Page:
9
Percentage of parties winning seats The percentage is calculated by dividing the number of parties which won parliamentary representation by the number of parties contesting the election.
56.25%
Percentage of seats won by largest party or coalition The percentage is calculated by dividing the number of seats won by the largest party by the number of seats at stake in the election.
22.26%
Alternation of power after elections The results of the elections caused a change in the government. "Not applicable" to countries using the presidential system when parliamentary and presidential elections are held separately, to countries in political transition or where there is no party system.
No
Number of parties in government The government may be formed by one or more political parties
5
Names of parties in government The government may be formed by one or more political parties
Indonesian Democratic Party of Struggle (PDI-P), Party of Functional Groups (Golkar), National Democratic Party (NasDem), National Awakening Party (PKB), United Development Party (PPP)
Parties or coalitions winning seats
Political groups winning seats breakdown
Political group Total
Indonesian Democratic Party - Struggle (PDI-P) 128
Party of Functional Groups (Golkar) 85
Great Indonesia Movement (Gerindra) 78
National Democratic Party (NasDem) 59
National Awakening Party (PKB) 58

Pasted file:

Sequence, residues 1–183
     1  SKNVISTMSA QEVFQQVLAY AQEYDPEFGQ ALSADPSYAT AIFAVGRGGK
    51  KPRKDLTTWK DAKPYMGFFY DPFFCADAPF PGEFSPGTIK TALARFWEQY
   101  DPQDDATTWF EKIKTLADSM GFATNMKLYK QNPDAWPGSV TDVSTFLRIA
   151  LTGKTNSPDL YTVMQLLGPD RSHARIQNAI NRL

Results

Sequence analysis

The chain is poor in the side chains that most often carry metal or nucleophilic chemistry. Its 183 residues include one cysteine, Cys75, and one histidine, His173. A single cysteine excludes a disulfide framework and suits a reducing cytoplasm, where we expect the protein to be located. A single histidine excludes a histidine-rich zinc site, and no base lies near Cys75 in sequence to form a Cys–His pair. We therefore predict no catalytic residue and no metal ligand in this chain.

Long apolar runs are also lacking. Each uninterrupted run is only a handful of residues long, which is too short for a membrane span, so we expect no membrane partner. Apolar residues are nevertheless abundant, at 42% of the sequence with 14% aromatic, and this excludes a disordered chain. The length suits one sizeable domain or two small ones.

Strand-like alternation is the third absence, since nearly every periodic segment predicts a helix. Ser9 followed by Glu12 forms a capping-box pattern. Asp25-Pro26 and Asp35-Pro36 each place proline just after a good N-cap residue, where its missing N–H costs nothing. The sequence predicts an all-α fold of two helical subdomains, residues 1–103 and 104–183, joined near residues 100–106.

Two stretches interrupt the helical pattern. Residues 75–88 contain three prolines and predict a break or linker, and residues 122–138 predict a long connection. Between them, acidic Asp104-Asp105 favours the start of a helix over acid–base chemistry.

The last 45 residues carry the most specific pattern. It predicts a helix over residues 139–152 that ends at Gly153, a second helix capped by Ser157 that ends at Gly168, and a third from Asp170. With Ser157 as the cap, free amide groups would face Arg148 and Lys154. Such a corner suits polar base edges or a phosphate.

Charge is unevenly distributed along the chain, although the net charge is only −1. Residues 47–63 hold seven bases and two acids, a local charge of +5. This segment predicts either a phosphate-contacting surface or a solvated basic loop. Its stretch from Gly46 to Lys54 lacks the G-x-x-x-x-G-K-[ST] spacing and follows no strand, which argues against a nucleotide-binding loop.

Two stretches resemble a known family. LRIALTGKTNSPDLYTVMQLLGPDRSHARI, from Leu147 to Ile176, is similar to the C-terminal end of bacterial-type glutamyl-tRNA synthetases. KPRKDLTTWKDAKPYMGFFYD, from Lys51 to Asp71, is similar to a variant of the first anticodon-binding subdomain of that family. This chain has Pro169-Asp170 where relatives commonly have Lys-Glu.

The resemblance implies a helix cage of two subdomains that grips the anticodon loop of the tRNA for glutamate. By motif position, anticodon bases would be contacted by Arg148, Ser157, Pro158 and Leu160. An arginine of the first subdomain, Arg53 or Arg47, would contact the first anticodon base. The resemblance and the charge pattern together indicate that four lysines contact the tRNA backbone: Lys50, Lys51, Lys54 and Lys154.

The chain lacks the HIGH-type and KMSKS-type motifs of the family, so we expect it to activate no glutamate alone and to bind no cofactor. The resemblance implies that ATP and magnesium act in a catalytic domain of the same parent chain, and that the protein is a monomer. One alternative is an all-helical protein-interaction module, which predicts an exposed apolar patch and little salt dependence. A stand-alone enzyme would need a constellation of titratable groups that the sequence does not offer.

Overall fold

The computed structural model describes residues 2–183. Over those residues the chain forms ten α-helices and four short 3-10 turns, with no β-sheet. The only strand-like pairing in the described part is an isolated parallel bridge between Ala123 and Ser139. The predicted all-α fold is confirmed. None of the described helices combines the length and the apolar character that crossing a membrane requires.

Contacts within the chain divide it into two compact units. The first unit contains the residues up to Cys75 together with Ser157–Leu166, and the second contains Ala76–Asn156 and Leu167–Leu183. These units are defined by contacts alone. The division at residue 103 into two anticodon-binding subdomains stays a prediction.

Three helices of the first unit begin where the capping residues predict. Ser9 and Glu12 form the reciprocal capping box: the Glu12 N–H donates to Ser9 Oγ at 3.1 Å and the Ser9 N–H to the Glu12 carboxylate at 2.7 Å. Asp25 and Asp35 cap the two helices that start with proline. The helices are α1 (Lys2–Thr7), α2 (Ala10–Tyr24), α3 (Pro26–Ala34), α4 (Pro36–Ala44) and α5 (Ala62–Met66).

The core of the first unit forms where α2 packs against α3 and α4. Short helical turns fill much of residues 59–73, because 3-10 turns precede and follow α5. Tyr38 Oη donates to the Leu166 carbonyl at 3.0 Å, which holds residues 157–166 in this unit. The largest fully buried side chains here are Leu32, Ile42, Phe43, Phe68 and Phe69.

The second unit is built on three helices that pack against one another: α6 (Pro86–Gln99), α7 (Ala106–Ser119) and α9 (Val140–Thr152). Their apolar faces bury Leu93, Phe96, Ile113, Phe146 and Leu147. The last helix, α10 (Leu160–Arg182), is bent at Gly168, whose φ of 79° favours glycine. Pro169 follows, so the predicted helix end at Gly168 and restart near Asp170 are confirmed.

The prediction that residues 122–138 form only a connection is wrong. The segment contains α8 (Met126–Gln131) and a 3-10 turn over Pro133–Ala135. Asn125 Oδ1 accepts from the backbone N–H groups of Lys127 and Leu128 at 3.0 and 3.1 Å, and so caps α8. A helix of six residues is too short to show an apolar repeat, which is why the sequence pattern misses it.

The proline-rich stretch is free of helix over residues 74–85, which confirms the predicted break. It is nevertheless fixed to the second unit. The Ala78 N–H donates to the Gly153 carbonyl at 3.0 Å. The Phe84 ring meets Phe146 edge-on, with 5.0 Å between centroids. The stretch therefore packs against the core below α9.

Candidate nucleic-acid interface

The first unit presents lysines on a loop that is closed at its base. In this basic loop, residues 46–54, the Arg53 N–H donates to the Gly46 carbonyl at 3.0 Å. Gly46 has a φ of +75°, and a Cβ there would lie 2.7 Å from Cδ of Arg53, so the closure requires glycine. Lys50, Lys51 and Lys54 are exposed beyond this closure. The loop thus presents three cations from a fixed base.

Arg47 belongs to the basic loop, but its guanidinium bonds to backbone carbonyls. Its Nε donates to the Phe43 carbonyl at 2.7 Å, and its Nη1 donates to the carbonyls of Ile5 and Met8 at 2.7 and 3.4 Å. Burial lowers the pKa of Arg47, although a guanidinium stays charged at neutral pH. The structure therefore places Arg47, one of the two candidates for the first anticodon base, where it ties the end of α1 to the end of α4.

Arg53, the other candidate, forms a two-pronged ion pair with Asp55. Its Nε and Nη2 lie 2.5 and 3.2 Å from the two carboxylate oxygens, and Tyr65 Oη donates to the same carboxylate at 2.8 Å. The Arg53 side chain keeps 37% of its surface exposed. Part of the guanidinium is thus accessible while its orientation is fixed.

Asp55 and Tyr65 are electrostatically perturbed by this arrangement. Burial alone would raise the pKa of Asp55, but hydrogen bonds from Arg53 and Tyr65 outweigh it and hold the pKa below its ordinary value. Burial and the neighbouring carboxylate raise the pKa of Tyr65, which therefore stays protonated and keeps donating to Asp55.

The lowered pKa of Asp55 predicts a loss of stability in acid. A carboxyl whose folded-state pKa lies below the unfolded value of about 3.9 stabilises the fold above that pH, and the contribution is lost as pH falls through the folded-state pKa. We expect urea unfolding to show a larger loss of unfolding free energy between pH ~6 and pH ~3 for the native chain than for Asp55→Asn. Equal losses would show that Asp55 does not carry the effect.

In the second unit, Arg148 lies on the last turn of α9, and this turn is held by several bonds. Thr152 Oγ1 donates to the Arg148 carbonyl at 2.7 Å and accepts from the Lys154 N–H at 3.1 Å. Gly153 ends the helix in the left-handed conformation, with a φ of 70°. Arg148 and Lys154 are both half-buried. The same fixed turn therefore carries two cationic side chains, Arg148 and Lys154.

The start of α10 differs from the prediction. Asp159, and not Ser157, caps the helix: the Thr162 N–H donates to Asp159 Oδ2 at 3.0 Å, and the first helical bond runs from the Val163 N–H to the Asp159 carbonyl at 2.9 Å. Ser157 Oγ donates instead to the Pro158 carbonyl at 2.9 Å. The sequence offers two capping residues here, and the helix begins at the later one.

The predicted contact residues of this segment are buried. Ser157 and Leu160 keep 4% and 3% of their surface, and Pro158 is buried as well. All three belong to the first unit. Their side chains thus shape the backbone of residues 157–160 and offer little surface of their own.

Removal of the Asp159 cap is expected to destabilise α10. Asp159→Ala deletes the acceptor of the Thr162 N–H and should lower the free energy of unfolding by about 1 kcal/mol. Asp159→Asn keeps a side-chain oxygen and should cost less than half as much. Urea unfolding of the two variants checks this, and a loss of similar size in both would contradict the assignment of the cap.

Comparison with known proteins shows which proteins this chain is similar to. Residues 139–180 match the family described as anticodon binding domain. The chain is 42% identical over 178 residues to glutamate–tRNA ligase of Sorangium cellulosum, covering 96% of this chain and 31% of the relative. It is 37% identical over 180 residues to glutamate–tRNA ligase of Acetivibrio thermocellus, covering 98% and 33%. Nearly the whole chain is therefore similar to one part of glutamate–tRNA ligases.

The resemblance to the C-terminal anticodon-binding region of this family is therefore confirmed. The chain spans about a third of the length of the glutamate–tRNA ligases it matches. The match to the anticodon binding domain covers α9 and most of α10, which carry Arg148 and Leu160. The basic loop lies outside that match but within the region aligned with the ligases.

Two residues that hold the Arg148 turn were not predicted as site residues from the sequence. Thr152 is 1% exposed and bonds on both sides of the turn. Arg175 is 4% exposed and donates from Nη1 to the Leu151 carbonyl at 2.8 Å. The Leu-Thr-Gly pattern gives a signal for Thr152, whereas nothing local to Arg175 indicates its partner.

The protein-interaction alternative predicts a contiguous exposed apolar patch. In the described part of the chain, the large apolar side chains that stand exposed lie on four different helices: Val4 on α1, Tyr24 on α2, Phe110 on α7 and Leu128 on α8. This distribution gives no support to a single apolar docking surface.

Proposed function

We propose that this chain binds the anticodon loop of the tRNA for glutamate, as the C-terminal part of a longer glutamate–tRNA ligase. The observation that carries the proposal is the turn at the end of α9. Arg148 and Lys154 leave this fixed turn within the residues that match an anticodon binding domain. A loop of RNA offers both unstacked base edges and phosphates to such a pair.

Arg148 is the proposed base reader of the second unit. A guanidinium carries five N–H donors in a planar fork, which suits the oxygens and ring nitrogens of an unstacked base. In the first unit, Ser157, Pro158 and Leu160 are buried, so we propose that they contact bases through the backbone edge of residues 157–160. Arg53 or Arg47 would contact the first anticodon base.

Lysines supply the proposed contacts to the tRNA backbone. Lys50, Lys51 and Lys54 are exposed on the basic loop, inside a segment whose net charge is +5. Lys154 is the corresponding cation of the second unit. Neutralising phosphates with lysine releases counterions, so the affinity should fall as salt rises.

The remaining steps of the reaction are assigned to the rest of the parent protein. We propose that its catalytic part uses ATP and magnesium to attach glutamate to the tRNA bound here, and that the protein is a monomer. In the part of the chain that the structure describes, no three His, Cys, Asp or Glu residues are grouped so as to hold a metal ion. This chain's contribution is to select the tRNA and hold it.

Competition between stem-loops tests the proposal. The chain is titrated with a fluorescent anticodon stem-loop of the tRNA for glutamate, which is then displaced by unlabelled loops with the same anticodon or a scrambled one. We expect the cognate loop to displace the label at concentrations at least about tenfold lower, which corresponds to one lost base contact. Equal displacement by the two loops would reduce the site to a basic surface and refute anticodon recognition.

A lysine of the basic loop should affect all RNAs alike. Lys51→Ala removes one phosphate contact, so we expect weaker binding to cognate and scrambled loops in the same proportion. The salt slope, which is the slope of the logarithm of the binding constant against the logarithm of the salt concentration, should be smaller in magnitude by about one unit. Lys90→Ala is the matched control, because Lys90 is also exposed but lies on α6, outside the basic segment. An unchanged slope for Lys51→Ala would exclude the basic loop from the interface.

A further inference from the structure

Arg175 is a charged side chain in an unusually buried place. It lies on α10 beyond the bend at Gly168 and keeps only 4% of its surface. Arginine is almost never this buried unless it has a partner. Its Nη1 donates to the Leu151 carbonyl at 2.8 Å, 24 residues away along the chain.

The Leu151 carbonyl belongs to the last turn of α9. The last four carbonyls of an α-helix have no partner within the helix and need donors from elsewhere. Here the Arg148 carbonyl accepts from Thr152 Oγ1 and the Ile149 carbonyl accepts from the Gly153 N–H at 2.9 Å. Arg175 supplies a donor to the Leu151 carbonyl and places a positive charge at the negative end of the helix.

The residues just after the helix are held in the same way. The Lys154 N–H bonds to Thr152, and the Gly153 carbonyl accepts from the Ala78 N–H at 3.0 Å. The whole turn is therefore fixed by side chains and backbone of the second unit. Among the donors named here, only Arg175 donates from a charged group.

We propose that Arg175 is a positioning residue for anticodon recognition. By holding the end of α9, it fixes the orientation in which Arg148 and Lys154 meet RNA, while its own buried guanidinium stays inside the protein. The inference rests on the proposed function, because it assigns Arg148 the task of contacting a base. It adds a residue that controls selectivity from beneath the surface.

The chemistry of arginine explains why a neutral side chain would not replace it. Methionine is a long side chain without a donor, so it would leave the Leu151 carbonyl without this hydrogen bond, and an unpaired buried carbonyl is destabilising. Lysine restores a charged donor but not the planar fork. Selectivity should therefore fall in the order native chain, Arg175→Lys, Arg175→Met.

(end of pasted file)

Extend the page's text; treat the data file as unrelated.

Democratic Party (PD) 54
Prosperous Justice Party (PKS) 50
National Mandate Party (PAN) 44
United Development Party (PPP) 19
Members elected, by sex
Number of men elected
475
Number of women elected
100
Percentage of women elected The percentage is calculated by dividing the number of women elected in the election and the number of seats at stake at the election.
17.39%
Sources
House of Representatives (18.09.2019, 24.09.2019) BBC BBC Monitoring The Jakarta Post The Australia-Indonesia Centre The New York Times
Women Directly Elected
100

New legislature

Total number of men after the election The total number of male parliamentarians in this parliament/chamber following the election or renewal, regardless of their modes of designation.
475
Total number of women after the election The total number of female parliamentarians in this parliament/chamber following the election or renewal, regardless of their modes of designation.
100
Date of the first session The date when the newly elected parliament/chamber was convened for the first time. It may be different from the date when members were sworn in.
01.10.2019
First Speaker of the new legislature
First Speaker of the new legislature First name of the Speaker of the new legislature following the election or renewal.
Puan Maharani (Female)
Political party
Indonesian Democratic Party - Struggle (PDI-P)
Date of election
02.10.2019